Paragraph 59 of the government’s National Planning Policy Framework (NPPF) is clear:

Effective enforcement is important to maintain public confidence in the planning system.

 

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Posted 16:38 Wednesday, Sep 15, 2021 In: Home Ground

1 Comment

Please read our comment guidelines before posting on HOT

  1. Cllr Michael Edwards

    This is an excellent description of a long running saga. The planning committee at its meeting in March made a courageous but correct decision against the recommendation of the planning officer. The regulations used to determine the acceptability or otherwise of planning applications are enshrined in UK law. Essentially what we have here is a direct challenge to the law by a developer.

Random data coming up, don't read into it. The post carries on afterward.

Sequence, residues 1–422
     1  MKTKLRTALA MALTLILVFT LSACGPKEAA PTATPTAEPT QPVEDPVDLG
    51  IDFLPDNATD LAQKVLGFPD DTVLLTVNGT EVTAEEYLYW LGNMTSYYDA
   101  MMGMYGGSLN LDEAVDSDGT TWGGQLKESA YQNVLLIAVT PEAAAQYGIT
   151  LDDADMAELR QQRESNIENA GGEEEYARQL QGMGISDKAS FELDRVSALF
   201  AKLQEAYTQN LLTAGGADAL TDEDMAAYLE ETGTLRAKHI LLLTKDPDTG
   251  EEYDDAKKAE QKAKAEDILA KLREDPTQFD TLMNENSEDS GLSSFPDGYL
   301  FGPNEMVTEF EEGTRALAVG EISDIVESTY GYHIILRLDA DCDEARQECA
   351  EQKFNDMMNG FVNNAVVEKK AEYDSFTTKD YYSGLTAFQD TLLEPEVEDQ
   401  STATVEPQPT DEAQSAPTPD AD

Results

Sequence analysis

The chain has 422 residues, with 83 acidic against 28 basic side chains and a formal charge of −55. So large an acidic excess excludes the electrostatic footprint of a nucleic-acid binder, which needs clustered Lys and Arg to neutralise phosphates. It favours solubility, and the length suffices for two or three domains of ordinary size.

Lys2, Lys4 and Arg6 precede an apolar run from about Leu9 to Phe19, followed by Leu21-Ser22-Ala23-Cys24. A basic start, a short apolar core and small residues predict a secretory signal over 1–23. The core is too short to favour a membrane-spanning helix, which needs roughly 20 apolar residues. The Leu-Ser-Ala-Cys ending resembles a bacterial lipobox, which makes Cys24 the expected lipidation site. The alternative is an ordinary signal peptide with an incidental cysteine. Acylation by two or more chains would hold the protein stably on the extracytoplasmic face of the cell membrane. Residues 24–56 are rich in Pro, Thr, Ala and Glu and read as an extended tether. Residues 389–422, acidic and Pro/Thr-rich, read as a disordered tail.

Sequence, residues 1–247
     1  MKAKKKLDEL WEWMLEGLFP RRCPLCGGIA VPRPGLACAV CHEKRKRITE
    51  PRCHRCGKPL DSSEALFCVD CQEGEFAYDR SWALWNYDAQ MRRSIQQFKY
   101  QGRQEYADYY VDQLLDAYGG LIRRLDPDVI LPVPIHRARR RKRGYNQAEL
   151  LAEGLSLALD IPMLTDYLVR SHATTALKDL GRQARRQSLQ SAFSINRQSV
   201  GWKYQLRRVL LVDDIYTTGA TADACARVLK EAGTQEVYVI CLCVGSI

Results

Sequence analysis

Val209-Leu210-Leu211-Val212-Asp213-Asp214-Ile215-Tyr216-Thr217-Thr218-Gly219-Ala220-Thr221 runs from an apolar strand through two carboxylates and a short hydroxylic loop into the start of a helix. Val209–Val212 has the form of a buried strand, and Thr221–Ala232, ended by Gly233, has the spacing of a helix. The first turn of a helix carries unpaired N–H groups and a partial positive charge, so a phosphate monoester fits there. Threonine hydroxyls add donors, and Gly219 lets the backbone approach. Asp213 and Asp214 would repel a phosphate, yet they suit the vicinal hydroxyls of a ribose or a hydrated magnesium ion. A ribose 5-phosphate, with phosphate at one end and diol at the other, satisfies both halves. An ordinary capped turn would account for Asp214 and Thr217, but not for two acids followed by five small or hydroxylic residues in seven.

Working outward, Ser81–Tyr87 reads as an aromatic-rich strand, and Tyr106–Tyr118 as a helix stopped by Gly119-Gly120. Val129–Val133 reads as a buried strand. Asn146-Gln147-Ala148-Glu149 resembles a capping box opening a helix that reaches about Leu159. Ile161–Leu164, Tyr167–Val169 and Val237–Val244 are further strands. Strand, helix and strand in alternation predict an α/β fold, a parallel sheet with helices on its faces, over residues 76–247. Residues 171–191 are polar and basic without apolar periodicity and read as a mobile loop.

It will be interesting to see in these times of enfeebled enforcement of the laws of the land; viz demonstrators sitting down on a motorway bringing traffic to a standstill, illegal migrants landing unchallenged on our beaches only to be taken to a comfortable hotel, a statue ripped from its pedestal under the watchful eye of the constabulary to be dumped in the harbour, whether the HBC planning department has the moral authority (it has the legal authority) to enforce the regulations. How refreshing it would be to hear from members of the HBC cabinet, perhaps even Kim Forward, the Leader of the Council, where they stand on this vital principle. Enforce or fudge.

    Comment by Cllr Michael Edwards — Wednesday, Sep 15, 2021 @ 23:12